It is obvious that he did not rush his work; the last of the complete narrative (stage three, above) took him to the autumn of 413, eight and a half years before the end of the war, the last of stage two, to six and a half years before. During these last years he was observing, inquiring, writing his notes, adding to or modifying what he had already written; at no time before the end, during all the 27 years of the war, did he know what that end would be nor, therefore, what would be the length and the final shape of his own History. It is evident that he did not long survive the war since he did not leave any connected account, even at stage two, of the last six years. But in what he lived to complete, he wrote a definitive history.
 


Character studies
Besides the political causes of the war, Thucydides was interested in and emphasized the conflict between two types of character: the ever-active, innovating, revolutionary, disturbing Athenians and the slower-moving, more cautious Peloponnesians, especially the Spartans, “not excited by success nor despairing in misfortune,” but quietly self-confident. Thucydides was not really concerned with individuals but rather with the actions, sufferings, and the characters of states (“the Athenians,” “the Syracusans,” etc.); but he did understand the significance of personalities. Besides depicting by their words and deeds the characters of some who influenced events—such as Cleon, the harsh demagogue of Athens; Hermocrates, the would-be moderate leader in Syracuse; the brave Nicostratus; and the incompetent Alcidas—he goes out of his way to give a clear picture of the characters and influence of four men: Themistocles (in a digression, the Athenian hero of the Second Persian War), Pericles, Brasidas, and Alcibiades. All four of them were of the active, revolutionary type. Pericles of Athens was indeed unique for Thucydides in that he combined caution and moderation in action and great stability of character with a daring imagination and intellect; he was a leader of the new age. During the war each of them—Pericles and Alcibiades in Athens, Brasidas in Sparta—was in conflict with a conservative, quietist opposition within his own country.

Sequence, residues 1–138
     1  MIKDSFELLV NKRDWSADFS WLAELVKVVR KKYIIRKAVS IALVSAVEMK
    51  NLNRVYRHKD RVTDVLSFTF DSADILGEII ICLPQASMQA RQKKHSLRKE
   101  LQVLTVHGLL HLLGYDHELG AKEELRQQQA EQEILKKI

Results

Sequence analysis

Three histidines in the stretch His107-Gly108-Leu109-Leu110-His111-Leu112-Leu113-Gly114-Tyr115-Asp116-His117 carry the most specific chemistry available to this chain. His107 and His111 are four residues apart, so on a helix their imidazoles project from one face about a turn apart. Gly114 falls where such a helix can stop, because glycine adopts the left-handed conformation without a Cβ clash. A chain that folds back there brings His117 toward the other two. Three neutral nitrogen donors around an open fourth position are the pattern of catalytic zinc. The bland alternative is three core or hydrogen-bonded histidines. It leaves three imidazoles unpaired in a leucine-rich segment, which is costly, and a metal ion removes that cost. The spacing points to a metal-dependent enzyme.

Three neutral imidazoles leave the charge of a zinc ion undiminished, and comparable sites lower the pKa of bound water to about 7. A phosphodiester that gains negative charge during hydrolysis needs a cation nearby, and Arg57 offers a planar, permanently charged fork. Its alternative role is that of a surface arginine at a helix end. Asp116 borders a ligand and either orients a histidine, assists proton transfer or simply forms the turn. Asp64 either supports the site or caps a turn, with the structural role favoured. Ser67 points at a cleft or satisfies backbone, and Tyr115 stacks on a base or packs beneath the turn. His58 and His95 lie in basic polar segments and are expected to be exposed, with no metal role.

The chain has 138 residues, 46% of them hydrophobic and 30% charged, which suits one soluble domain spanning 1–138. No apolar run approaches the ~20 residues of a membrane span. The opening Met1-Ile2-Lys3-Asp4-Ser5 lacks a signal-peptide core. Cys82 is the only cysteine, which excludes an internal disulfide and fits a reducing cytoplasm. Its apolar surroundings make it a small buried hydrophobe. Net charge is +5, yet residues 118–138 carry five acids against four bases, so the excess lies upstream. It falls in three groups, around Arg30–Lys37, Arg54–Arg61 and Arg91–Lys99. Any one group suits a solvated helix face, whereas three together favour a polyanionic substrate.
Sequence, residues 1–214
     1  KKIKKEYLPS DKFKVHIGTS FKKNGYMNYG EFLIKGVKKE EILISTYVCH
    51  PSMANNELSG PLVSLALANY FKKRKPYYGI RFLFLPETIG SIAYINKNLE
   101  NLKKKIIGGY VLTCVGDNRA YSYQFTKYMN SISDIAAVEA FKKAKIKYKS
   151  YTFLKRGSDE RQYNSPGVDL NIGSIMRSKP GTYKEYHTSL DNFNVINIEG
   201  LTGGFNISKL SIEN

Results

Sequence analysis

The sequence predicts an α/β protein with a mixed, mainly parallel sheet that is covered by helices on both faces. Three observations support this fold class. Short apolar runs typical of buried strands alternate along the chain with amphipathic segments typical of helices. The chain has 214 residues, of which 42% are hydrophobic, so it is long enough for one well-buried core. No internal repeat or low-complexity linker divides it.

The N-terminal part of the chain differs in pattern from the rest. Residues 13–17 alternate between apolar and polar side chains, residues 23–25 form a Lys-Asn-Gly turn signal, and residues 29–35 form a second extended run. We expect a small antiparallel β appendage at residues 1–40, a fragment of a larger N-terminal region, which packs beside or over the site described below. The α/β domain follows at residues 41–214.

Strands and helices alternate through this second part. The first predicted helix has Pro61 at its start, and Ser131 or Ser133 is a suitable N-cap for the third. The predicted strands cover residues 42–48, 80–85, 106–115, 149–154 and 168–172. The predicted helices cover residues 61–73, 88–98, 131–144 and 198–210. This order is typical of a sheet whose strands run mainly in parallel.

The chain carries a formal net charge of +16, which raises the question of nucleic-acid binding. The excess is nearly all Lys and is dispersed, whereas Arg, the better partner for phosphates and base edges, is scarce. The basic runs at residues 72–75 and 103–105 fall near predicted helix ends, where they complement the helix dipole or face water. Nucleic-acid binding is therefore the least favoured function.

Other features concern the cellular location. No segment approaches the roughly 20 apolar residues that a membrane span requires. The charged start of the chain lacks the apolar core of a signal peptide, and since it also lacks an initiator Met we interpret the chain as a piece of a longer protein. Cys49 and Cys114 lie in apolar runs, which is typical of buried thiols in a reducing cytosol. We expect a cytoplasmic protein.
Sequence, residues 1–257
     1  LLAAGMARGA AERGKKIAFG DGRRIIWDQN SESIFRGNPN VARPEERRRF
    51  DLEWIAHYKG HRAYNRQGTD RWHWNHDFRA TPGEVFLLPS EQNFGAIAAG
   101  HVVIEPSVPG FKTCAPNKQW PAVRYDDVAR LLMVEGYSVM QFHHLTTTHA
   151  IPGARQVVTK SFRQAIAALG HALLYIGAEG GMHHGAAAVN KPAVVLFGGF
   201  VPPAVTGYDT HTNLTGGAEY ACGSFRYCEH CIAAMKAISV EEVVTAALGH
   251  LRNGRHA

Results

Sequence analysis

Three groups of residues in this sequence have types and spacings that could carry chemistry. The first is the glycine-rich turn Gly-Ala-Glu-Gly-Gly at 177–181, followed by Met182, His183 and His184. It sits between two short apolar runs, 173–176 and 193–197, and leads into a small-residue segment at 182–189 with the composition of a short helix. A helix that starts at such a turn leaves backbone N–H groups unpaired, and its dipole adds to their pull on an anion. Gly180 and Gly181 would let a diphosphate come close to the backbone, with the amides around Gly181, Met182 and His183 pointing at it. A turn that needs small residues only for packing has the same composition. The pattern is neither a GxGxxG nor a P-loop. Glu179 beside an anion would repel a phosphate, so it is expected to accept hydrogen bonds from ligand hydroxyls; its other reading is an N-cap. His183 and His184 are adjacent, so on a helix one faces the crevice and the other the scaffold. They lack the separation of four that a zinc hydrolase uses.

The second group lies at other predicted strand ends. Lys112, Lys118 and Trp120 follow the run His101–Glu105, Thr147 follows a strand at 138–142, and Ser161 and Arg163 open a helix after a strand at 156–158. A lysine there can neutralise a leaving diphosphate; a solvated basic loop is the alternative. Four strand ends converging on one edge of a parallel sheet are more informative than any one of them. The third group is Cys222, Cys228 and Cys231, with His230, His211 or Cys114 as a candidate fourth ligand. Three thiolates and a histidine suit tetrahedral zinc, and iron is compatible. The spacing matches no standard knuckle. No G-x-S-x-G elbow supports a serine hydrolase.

The conflict between the revolutionary and the conservative also extended between the generally daring Athenian state and the generally cautious Peloponnesians. It is a great loss that Thucydides did not live to write the story of the last years of the war, when Lysander, the other great revolutionary Spartan, played a larger part than any other single man in the defeat of Athens. This defeat was, in one aspect, the defeat of intellectual brilliance and daring by “stolidity” and stability of character (this last the quality most lacking in Alcibiades, the most brilliant Athenian of the second half of the war); but it was largely brought about by Brasidas and Lysander, the two Spartans who rivaled the Athenians in daring and intellect.


Study of the war’s technical aspects
Thucydides was also interested in the technical aspect of the war. The most important problems in the war, besides protecting food supplies during land fighting, centred around the difficulties and possibilities of war between an all-powerful land force (Sparta and its allies) and an all-powerful naval force (Athens). Thucydides also studied the details of siege warfare; the difficulties of the heavily armed combat in mountain country and of fighting against the fierce but unruly barbarians of the north; an army trying to force a landing from ships against troops on shore; the one great night battle, at Syracuse; the skill and the daring maneuvers of the Athenian sailors and the way these maneuvers were overcome by the Syracusans; the unexpected recovery of the Athenian fleet after the Sicilian disaster—in all these aspects of the war he took a keen professional interest.

In Thucydides’ introductory pages on the early history of Greece he lays much stress on the development of sea trading and naval power and on the accumulation of capital resources: they help to explain the great war between a land power and a sea power.